From Our Archives
GENE LOGSDON (1931 – 2016)
Ohio’s politicians are considering a bill that would allow giant tractors to go 40 miles per hour on the highway. At present farm tractors are not supposed to be driven over 25 mph on public thoroughfares. The State House of Representatives has passed the bill unanimously and I presume the senators will do about the same. This really cracks me because of a fond experience of my wild oats days. But the law also amuses me considerably just on the basis of its own merits or demerits. For those urbanites who might not divine the reason for this law (if the politicians know, they aren’t spelling it out publicly), farming has become such a wide-ranging enterprise that farmers often rent land far from the home place. The old saying of “trying to farm the whole county” needs to be updated to “trying to farm the whole state.” Getting to the next field sometimes takes more time than getting it planted. Therefore tractors must move faster on the road, (not to mention in the field) or America might starve to death. If that’s not amusing to you, you need to improve your sense of humor.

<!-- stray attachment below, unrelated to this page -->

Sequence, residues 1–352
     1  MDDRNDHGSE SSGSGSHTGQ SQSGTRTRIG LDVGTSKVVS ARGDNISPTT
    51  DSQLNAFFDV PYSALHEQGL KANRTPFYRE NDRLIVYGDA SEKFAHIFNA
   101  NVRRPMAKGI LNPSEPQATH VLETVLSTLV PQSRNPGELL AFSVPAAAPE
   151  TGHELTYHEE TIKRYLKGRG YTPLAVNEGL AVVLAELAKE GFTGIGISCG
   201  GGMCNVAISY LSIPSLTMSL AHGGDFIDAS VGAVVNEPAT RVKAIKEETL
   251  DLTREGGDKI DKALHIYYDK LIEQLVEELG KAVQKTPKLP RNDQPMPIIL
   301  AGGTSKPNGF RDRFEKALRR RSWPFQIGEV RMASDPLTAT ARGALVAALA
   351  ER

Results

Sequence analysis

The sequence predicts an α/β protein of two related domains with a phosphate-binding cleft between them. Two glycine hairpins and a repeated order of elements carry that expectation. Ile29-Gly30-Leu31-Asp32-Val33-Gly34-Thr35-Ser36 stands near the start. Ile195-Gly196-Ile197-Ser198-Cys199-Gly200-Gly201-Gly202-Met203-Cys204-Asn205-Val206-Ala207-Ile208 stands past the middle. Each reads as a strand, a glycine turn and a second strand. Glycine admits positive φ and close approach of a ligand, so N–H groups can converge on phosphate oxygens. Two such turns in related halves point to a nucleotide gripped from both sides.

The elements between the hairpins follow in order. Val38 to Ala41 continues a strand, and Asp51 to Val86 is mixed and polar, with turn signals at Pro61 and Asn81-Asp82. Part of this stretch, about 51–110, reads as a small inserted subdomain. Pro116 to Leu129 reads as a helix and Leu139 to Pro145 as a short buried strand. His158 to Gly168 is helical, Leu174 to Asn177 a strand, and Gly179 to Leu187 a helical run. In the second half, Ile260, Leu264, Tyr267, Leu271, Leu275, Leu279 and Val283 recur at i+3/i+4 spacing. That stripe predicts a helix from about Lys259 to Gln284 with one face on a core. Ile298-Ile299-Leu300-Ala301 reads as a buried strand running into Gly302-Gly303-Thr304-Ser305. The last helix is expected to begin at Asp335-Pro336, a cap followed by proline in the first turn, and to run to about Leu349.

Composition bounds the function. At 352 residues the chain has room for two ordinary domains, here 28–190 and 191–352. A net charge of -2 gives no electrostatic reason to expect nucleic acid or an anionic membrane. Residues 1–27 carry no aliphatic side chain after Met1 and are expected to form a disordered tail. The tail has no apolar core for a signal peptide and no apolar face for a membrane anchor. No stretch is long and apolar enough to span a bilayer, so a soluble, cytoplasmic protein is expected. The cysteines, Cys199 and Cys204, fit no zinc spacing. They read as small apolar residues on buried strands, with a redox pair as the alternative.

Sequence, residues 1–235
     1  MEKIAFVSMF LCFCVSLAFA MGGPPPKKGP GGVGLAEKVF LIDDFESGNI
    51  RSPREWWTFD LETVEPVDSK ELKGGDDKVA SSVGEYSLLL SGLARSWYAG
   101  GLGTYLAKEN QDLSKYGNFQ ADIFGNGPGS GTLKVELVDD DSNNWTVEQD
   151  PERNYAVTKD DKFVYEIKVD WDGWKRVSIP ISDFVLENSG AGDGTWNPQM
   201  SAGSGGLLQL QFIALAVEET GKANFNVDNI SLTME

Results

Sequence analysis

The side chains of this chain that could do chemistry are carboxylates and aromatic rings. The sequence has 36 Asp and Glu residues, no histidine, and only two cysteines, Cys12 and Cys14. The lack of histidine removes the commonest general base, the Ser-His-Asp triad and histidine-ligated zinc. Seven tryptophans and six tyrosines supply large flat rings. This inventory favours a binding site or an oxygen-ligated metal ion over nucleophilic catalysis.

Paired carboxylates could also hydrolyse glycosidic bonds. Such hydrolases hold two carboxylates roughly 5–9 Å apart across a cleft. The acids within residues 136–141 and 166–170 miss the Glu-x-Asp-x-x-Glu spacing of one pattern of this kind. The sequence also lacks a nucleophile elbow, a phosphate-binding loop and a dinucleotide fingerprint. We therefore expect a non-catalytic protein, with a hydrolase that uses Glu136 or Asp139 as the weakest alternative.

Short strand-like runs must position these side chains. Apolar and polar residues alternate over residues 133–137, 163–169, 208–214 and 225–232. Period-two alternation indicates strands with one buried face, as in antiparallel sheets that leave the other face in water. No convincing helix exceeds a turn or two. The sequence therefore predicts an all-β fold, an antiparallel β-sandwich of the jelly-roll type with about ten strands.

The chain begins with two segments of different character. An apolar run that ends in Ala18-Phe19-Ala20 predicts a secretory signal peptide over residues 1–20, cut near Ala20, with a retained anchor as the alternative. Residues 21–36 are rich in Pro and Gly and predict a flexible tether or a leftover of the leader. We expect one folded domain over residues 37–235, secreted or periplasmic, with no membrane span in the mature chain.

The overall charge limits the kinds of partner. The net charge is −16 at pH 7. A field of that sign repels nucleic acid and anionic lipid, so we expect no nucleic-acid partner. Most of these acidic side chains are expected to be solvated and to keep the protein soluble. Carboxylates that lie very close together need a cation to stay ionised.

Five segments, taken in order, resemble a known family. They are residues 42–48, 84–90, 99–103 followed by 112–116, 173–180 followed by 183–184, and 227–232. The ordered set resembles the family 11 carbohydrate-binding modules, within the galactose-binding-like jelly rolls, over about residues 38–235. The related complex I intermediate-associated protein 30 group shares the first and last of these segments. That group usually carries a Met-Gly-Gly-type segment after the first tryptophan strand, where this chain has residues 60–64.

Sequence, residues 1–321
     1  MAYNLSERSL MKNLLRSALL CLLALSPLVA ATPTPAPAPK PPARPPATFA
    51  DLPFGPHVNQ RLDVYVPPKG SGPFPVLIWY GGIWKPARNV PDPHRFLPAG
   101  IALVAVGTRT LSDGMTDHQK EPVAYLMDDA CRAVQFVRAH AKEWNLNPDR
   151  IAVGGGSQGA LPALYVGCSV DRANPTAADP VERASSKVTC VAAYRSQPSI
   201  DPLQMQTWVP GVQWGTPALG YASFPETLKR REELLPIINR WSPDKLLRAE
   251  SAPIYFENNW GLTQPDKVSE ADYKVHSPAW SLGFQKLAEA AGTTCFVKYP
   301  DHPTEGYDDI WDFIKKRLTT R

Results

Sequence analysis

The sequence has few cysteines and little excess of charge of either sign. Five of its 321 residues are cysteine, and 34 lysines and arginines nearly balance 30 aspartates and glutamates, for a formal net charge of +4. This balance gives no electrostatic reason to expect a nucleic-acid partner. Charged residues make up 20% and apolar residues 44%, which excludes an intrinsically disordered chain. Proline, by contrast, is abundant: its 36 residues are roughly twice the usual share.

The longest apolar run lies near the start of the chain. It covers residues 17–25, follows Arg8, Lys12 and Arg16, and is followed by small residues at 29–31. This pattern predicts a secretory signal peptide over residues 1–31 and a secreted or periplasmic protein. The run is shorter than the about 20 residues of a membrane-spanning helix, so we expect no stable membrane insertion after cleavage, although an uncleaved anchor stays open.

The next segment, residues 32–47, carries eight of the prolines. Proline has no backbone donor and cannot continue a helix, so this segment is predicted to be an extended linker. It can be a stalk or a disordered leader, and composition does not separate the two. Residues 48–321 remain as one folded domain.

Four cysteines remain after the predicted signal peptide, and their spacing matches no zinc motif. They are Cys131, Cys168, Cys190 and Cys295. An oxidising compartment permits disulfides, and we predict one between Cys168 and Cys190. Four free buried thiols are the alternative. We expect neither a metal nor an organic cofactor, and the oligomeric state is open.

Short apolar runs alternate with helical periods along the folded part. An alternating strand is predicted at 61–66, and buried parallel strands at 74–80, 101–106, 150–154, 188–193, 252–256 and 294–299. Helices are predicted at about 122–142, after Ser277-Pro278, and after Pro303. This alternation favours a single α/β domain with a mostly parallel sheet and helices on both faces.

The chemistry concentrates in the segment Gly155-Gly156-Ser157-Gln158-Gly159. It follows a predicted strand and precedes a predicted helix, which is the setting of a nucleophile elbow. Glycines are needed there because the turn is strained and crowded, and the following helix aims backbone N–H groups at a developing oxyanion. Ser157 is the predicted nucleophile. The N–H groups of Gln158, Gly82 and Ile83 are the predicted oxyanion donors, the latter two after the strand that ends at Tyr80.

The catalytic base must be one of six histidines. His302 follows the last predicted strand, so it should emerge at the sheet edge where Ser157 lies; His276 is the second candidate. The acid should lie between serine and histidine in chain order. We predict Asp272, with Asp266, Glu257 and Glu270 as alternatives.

I wonder if the lawmakers have thought this 40 mph rule through. When behemoth tractors could travel “only” 25 mph, it was easier to pass them in a car than it will be now that they are scooting along at 40. And if they are allowed to go 40, you know for sure they’ll be going 45 or 50 soon enough. That’s one thing but not the whole of the problem. It is daunting enough to see a machine big enough to straddle your car approaching you on the highway at 40 mph., but what if it is pulling some monstrous piece of farm equipment as it certainly will be. Today’s 30 and 40 row planters (or more) take up at least four lanes of highway when fully extended, so of course they have to be swiveled around sideways by the miracle of hydraulic power to be transported over a road. To pass something like that on a highway might take fifteen minutes at legal speeds. Disks and other cultivating rigs are even more daunting. Fully extended, these “tools” are also several lanes wide, so they fold up hydraulically, one wing or arm over the other for road travel. Today’s farm machinery has more hoses on it than a fire truck.